Capturing Via Set-Top Box
A number of set-top boxes are capable of capturing video. These boxes, including both retail DVRs and those distributed by cable or satellite television providers may allow you to transfer video across a network or firewire connection, or even burn captured video to DVD or other media. Some devices even include CableCARD support, enabling you to get lossless (stream) captures from them.
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Watching Captured Video
Depending on how you captured your video you may need to do some additional processing to get it ready to be played on a DVD or High Definition DVD player, or even a computer.
How to play TS files
How to play AVI
Processing Analog Captures
Analog captures may be captured in a low compression format like HuffYUV or a relatively high compression format like MPEG-2. Extremely efficient formats like the various MPEG-4 profiles aren't generally used for realtime encoding, and therefore aren't well suited to capturing. With many modern capture solutions utilizing hardware MPEG-2 encoding you can often just author to a simple DVD with no menus and play it in any standalone DVD player. If you don't have DVD-ready MPEG-2 files (or you're not satisified with your capture card's compression) you can re-encode, either with MPEG-2 again or with a more effiicient Codec like XviD or x264.
Processing Digital Captures
Unless you're going to watch your capture on a desktop or laptop computer (or HTPC) you'll almost certainly want to move the streams into a different container. Transport streams are important for transmission, but not used in most consumer formats, and often not supported by tools you may want to use. Depending on what you'll be doing with your video you may want to demux to elementary streams or simply remux into a MPEG-2 PS (Program Stream), Matroska (MKV), or other container. Since HDTV captures can be very large it's common to further compress them into a format like AVC.
Processing TS captures with free tools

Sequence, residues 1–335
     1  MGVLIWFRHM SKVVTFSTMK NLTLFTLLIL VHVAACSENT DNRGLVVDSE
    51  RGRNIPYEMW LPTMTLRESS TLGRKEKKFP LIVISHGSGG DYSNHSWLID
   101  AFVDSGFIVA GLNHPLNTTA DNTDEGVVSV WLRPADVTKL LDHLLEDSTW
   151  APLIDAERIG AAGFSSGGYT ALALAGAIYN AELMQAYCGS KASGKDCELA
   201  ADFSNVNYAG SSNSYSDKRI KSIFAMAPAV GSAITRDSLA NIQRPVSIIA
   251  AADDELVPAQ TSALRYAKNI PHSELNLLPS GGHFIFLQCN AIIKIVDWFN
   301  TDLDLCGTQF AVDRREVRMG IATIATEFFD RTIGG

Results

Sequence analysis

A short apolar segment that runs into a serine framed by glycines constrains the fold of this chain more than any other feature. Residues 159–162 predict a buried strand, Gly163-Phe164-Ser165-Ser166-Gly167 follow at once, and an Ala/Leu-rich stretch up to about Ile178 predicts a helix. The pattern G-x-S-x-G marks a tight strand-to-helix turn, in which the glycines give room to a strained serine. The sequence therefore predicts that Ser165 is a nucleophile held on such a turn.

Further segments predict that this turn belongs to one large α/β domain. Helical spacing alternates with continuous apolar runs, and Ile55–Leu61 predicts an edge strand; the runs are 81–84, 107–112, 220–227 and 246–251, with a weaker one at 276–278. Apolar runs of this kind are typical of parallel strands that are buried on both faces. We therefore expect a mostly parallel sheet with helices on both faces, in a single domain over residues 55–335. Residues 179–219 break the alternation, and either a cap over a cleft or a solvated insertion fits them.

Digital Video Fundamentals - IVTC
Depending on the format and properties of the video you may want to author it to DVD, HD DVD, or even Blu-ray's AVCHD format. While there are some tools that will author the standard BD-MV format used in commercial releases, due to the wording of the Blu-ray license for player manufacturers BD-MV discs without encryption aren't supported by all players, and aren't expected to be supported at all in the future. For this reason it's not recommended to author to BD-MV.
Convert MKV to DVD with freeware
Basic TMPGEnc DVD Author Guide
Perhaps the most common container for HD captures on a computer is MKV (Matroska). MKV files support a wide range of video formats, including MPEG-2, MPEG-4 Part 2 (DivX, XviD, etc,...), and MPEG-4 AVC/H.264. A variety of audio streams can also be used, including the standard AC-3 (Dolby Digital) used in most DTV broadcasts.
Related glossary terms
Related software tools
DVBPortal TV Viewer (Freeware)
DVBPortal is a free software for SkyStar2-based digital TV cards that allows recording and watching digital TV streams on your PC.
MyTheatre is a modern multimedia application for end user, which allows to watch Satellite TV and Radio, playback multimedia files (mpg, mp3, DivX and many others) and DVD.
ProgDVB is a software which allows you to watch satellite television and listen to radio channels directly from satellite by using DVB-PCI cards.
VirtualDub (Open source)
VirtualDub is an extremely efficient video capture and processing program.
Extremely efficient video capture and processing program. This version is not the latest one, but this is the last version that has ASF support
VirtualDubMod is a modified version of the excellent video handling tool, VirtualDub. VirtualDubMod adds support for MPEG-2, AC3, Ogg Vorbis and VBR MP3 to the original VirtualDub.
VirtualDubMod Surround (Open source)
VirtualDubMod Surround is a VirtualDubMod with some bugs fixed. It's also capable of utilizing 6 channel audio ACM encoders.